One of my relatively recent interests is GPU programming. Graphics programming has always fascinated me because there has been this other part of any modern computer which was kind of like the CPU but had its own unique way to process data. Whether the GPU is part of an integrated system on a chip or a discrete chip with its own memory, the GPU can efficiently process large amounts of data in parallel. However, for most programmers, the GPU is rarely directly used because their problem domains are not suitable for the type of parallel processing which the GPU is great at.

So why do I have a recent interest in GPUs? My theory is that GPUs may play a bigger role in the next generation of devices capable of features like AR. Parallel data processing whether it be displaying and manipulating image data on a screen or running machine learning algorithms to recognize hand gestures or your voice will all utilize the GPU or similar processors. Of course, GPUs will still be specialized domain knowledge, and there will be many libraries and off the shelf tools and engines which more people will use rather than directly programming to the GPU. The market for programming web services will always be orders of magnitude greater than graphics programming. But sometimes it is good to work with some of the more foundational API layers and somewhat closer to the hardware. Plus, unlike most business logic programming, if you learn graphics programming, you can output something pretty versus some histogram or bar chart.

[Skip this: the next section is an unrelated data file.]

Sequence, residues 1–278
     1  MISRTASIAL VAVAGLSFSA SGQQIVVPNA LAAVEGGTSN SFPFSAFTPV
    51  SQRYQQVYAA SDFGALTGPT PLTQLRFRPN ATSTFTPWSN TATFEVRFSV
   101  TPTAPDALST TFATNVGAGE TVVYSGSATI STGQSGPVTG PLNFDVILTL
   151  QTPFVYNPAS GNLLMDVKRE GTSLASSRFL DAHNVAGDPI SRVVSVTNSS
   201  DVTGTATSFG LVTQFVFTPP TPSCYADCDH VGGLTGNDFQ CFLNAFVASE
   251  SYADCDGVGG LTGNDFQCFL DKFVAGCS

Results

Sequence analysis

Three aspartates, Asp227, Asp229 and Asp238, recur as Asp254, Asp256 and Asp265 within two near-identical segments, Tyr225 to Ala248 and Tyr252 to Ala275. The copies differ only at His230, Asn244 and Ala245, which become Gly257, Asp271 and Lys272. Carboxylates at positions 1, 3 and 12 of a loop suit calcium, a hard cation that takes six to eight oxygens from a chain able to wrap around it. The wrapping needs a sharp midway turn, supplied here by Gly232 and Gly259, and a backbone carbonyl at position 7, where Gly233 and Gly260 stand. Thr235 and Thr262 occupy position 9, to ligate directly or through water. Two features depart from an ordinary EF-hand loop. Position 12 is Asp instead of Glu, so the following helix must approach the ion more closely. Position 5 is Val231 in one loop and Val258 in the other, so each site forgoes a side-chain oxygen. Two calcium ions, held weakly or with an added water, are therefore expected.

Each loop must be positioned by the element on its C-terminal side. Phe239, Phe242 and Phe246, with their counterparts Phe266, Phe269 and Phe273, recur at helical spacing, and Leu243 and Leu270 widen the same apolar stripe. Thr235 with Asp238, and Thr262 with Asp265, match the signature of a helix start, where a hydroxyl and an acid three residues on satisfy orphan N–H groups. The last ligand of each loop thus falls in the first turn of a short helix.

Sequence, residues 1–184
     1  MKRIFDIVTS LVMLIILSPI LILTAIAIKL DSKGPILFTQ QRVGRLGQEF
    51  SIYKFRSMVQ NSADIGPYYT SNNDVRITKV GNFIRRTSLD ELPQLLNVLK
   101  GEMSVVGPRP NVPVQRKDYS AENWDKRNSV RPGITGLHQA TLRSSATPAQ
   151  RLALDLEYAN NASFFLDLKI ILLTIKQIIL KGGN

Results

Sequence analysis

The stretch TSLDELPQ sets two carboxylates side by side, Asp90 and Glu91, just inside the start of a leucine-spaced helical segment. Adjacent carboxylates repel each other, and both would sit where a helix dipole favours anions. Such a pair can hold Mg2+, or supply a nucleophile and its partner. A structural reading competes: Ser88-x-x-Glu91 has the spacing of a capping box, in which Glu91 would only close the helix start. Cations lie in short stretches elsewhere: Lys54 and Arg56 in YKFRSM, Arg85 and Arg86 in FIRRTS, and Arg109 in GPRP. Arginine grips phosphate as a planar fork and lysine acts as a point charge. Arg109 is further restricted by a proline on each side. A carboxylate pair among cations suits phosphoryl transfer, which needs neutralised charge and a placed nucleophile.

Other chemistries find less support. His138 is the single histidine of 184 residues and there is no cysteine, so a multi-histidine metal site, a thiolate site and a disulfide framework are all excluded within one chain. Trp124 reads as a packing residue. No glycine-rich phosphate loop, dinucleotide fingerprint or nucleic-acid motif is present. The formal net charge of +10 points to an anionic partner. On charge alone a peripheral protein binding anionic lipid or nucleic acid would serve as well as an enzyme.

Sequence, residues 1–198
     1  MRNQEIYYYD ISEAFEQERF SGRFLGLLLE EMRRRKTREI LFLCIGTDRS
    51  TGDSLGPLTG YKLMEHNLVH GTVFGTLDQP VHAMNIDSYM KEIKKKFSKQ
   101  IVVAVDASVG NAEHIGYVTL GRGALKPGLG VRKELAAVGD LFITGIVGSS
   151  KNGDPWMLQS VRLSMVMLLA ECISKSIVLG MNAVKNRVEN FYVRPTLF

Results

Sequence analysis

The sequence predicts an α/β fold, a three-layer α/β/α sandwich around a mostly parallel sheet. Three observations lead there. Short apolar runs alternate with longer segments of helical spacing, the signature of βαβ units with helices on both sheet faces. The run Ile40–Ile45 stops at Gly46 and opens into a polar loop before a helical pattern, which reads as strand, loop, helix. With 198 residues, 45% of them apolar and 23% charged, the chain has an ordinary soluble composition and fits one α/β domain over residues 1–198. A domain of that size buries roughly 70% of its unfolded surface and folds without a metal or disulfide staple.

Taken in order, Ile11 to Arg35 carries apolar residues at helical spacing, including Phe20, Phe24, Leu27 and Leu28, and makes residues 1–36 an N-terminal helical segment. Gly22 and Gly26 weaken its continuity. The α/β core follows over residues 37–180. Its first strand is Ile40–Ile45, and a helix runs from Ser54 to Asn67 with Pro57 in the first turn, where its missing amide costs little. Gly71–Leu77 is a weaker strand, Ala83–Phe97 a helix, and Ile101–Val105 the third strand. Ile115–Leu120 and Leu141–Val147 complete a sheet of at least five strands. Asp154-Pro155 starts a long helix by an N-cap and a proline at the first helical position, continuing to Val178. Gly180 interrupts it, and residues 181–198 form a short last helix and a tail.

In particular, I am trying to learn Metal, Apple’s low level API for GPU programming. Metal powers all of Apple’s platforms. For instance, most of Apple’s UI and game frameworks use Metal. I’m picking up Metal more due to practicality since I have many Apple devices, and Metal is the preferred way to access the GPU. DirectX and Vulkan would also be equally nice to learn but are unavailable or unsupported on Apple platforms.

As an aside, for browsers, WebGL is fine but due to it evolving from OpenGL ES, the API seems like a couple of generations behind. If you are interested in WebGL and new (or need a refresher) to graphics programming, I recommend the WebGL Programming Guide book. The book requires only basic JavaScript knowledge, and it gives enough to jump start simple rendering projects. I picked up the WebGL book after reading a few chapters in a couple of Metal books because the Metal programming was already becoming complicated and I wanted to see how it was in WebGL for comparison. From my very brief foray, WebGL is capable but a bit awkward (e.g. setting up the shaders is cumbersome); WebGL made me appreciate Metal more. Maybe WebGPU will be better.

In the end, I expect to stumble quite a bit since this is largely a new domain for me. As I progress through some books and projects, I will try to blog a bit about what I’ve learned along the way.